The mystic lover and poet Jalaluddin Rumi, better known simply as Rumi, was united with his beloved on this day.
Born in Afghanistan in 1207 CE, his family moved to Turkey while he was still young.
In the city of Konya, not far from the Bithynian birthplace of Antinous, Jalaluddin Rumi established himself as a traditional Islamic teacher.
But then one day he met Shams-e-Tabriz, a wandering Sufi mystic.
Shams set Jalaluddin free from worldly concern and revealed the inward love of god as expressed through music, poetry and the whirling dance that simultaneously confuses and centers the soul of one who spins.
When Shams mysteriously disappeared, Jalaluddin went in search of him, only to discover that Shams was within his own heart.
From that day forward, Jalaluddin Rumi became a profound teacher of mystic eloquence whose poetry refers to god as the Lover within.
The homoerotic character of Jalaluddin Rumi's spirituality, referring both to his love for Shams and his love for god, has ingratiated him to gay men because of the depth and sensitivity and sacred intimacy that his words exude.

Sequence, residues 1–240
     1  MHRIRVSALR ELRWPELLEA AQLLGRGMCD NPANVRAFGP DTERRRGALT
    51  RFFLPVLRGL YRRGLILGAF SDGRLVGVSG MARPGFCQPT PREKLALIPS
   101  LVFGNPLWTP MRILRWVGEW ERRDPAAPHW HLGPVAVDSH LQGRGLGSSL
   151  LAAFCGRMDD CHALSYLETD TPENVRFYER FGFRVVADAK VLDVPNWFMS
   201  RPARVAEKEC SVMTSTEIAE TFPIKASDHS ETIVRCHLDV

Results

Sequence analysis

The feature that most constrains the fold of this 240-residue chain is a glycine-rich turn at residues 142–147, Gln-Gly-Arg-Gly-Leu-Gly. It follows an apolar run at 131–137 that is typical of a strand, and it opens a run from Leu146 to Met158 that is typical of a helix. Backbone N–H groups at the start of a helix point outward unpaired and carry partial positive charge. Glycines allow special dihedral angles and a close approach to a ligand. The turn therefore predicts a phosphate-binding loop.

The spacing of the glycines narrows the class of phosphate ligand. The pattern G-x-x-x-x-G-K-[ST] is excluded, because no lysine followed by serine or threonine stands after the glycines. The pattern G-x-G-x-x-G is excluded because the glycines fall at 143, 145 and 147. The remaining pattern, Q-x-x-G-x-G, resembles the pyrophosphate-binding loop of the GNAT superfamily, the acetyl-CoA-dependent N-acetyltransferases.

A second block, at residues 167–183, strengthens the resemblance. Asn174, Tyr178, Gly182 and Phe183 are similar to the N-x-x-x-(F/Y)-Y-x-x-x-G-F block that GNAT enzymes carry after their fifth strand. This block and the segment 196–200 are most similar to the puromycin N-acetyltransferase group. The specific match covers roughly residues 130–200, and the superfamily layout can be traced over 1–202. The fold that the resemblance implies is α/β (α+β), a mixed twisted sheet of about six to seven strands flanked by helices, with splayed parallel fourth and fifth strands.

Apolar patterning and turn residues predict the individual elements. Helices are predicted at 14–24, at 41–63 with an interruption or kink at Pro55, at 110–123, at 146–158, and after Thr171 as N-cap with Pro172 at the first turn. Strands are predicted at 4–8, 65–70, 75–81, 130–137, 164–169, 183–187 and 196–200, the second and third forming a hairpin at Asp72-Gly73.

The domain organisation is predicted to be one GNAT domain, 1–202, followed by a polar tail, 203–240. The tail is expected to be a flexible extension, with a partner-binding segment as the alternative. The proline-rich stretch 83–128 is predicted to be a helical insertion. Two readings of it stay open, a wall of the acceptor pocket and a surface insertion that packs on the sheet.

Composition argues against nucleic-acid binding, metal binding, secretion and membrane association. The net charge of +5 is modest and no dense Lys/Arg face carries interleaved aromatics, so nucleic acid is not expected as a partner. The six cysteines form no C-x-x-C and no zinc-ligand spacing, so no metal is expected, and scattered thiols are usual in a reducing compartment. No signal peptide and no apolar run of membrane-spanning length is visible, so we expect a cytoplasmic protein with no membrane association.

Jalaluddin Rumi and his Mevlevi Order are the last remnants of the Bithynian-Phrygian ecstasy cults of Dionysus and Attis, and they are distantly connected to the Religion of Antinous, through the mystical charge of homoerotic spirituality.
Jalaluddin Rumi expressed total love, proclaiming that all religions were one. And on the day of his funeral, his bier was followed by a procession made up of representatives from five different faiths.
We sanctify Jalaluddin Rumi as a Saint in the Religion of Antinous. He died on December 17th, 1234.